Toss a couple of tablespoons of olive oil in pan and cook garlic and onions. Until sort of starting to caramelize (a golden brown color but not burnt).
Add the reconstituted mushrooms, juice and all.
Add the tomatoes. (which have been chopped, except for cherries, which were halved)
Add basil, oregano, salt and pepper to taste, a dash or two of hot pepper flakes and a dash of smoked paprika
Cook down a bit. Add some paste. The smallest can is 6 oz – use one of those if you use paste. Add cooked and now crumbled sausage back to sauce.
Cook your pasta.
When you put pasta and sauce together add chopped fresh herbs (basil, parsley, oregano) and diced up fresh mozzarella.
Serve with a nice bottle of wine if you so choose, some crusty bread and a simple salad of arugula and romaine.
In last September’s New York Times Magazine Mark Bittman wrote an article called Bye,Bye, American Pie. No it wasn’t the impetus for this post, but it is a good read. This post takes inspiration from the farmers where I have been vacationing until a few hours ago: the farmers of Eastern Long Island, NY. One farm in particular called Balsam Farms in Amagansett.
I feel like I have been cheating on my favorite Chester County Farmers, but I have to tell you the produce I bought while on vacation is truly amazing. I think there is something with the fertile yet sandy soil that makes a difference.
Seriously, and it sounds like sacrilege, but the tomatoes I have had kick the rear of Jersey tomatoes.
And another interesting thing to note is in a lot of cases this organic produce I have been purchasing is less money than some of what I buy locally in Chester County. I figure that is well worth mentioning since everything having to do with the Hamptons is equated with super expensive.
So this pie is all mine oh me oh my. The recipe is not an exact science, and I am trying to get better with that.
Peach Apricot Pie
1 1/4 cups flour
1/4 cup oatmeal (Quaker quick oats will do – but PLAIN – no flavored stuff!!)
1 stick of butter (8 tablespoons)
1/2 teaspoon salt
6 tablespoons sugar (white)
3 tablespoons of ice water
dash of cinnamon
dash of ginger
Mix all dry ingredients. Cut in butter after cutting butter into teeny pieces. Incorporate butter into dry ingredients until little crumbs are formed. Add the water. Bring it all together into a ball of dough that is not over-mixed, wrap well in plastic wrap so it is air-tight and refrigerate for 2 hours.
As you are getting ready to bring your dough out, pre-heat oven to 350 degrees.
After the crust is sufficiently chill, roll out between sheets of plastic wrap lightly dusted with flour. Place crust carefully in a pie plate – I guess mine is a 9 inch – I have vintage glass pie plates and this was one that was shallow as opposed to deep crust. Fix your edge of the crust by gently crimping with a fork and put crust in pan back in refrigerator to stay cool while you assemble the filling and streusel topping.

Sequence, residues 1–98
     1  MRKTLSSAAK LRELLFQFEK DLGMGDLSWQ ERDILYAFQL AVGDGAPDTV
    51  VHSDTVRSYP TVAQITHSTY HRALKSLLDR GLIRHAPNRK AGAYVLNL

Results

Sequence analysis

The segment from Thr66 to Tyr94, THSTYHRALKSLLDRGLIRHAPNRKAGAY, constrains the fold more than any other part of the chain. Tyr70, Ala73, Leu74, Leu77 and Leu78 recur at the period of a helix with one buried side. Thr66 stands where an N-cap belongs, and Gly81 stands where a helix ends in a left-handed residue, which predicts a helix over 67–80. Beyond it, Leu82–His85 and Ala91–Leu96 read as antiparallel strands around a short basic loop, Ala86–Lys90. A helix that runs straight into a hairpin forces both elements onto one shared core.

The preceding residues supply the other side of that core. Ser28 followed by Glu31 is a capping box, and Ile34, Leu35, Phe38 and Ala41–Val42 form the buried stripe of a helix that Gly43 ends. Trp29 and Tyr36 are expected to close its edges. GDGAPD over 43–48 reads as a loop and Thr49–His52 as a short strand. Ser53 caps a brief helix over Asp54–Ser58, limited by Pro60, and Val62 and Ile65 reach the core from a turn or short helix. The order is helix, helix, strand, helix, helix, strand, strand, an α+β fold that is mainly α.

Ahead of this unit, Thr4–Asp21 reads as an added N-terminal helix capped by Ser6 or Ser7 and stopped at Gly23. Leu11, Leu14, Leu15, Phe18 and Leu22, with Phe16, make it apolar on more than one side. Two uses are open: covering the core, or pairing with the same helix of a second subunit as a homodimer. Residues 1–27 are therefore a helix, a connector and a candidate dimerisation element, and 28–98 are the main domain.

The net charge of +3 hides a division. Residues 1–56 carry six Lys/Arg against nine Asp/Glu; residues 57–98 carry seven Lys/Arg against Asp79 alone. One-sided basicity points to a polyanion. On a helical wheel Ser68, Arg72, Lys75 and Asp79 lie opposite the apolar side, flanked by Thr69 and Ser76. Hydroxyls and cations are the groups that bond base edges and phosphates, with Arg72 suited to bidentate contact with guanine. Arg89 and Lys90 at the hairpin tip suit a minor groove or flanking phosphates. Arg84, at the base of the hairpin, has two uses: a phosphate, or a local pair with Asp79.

2 tablespoons corn starch
1 tablespoon flour
1/2 teaspoon cinnamon
1/2 teaspoon ginger
1/4 cup of brown sugar
Peach Apricot or peach preserves
5 or 6 regular sized peaches
5-8 small apricots
Slice up the fruit into thin slices. Sprinkle a little lemon juice over them to keep them from turning brown and toss gently with sugar, corn starch, flour, spices. Set aside.
1/3 cup flour
1/3 cup oatmeal (same kind as above)
3 tablespoons of butter diced up
1/3 cup sugar (white and brown mixed together)
cinnamon and ginger to taste
Mix all the stuff together for the streusel topping in a small bowl until uniform crumbs are formed. Set aside.
Remove crust from fridge and pour fruit gently and evenly into crust. Dot fruit filling with dabs of preserves. You aren’t completely covering the top with preserves, you are dotting. Evenly distribute streusel topping over this and bake for approximately 35 to 45 minutes at 350 degrees depending upon your oven. You may wish to create foil “hood” to cover crust edge so it doesn’t burn.
Cool pie before serving on a counter or table or wherever it can cool off unmolested by pets or humans. Serve with whipped cream sweetened with honey and ginger or vanilla ice cream. Refrigerate leftovers.
When it is hot, even I don’t want to cook as much. So today I was feeling like pasta salad, but I wanted something different from spiral pasta or say, tortellini. I opened the freezer and grabbed a bag of mini ravioli. Why not? If you can make a tortellini salad, why not use mini ravioli?
So I created a vinaigrette and added a bit of fresh lemon juice, some mustard and a couple of tablespoons of mayonnaise and whisked it together. If you wanted to you could use a store-bought salad dressing. I would suggest if that was the case, an Italian or Caesar or Balsamic vinaigrette.
I cooked the mini ravioli to the minimum of cooking time as per the package. I drained them and put them in a bowl to cool.
In another bowl I took a Vidalia onion, cucumber, a couple of tomatoes, fresh green beans blanched and chopped, half a jar of roasted peppers chopped up, fresh herbs (parsley, basil, and dill), a cup or so of chick peas (“ceci”), and a small jalapeno pepper (seeded, cored, and diced), tossed it in the dressing, and then gently folded in the cooled mini ravioli.
I adjusted for salt and pepper, et voila! Not your mama’s pasta salad.
I may toss some fresh crumbled queso fresco on it when I serve it. Or I might just leave it as it. I love queso fresco.
*Important to note is to NOT overmix this or the ravioli will literally rupture. Do NOT over dress this or the ravioli will fall apart from that too.
I think it tastes pretty good!
Hmmm I just realized about a year ago, Conde Nast contacted me to use another one of my everything but the kitchen sink recipes in a cookbook being published in the Fall of 2012. I need to follow up about that – I do not even know what the cookbook is to be called…..